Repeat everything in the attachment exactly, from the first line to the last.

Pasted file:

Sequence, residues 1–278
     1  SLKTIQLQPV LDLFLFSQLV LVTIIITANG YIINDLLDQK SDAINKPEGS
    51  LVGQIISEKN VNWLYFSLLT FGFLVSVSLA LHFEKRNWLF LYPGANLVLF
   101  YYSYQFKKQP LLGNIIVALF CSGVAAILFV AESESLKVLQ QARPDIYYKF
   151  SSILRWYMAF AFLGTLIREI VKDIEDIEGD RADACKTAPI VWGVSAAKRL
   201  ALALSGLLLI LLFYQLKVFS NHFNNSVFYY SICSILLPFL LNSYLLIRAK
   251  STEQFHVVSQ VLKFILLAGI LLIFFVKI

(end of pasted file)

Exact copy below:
Sequence, residues 1–278
     1  SLKTIQLQPV LDLFLFSQLV LVTIIITANG YIINDLLDQK SDAINKPEGS
    51  LVGQIISEKN VNWLYFSLLT FGFLVSVSLA LHFEKRNWLF LYPGANLVLF
   101  YYSYQFKKQP LLGNIIVALF CSGVAAILFV AESESLKVLQ QARPDIYYKF
   151  SSILRWYMAF AFLGTLIREI VKDIEDIEGD RADACKTAPI VWGVSAAKRL
   201  ALALSGLLLI LLFYQLKVFS NHFNNSVFYY SICSILLPFL LNSYLLIRAK
   251  STEQFHVVSQ VLKFILLAGI LLIFFVKI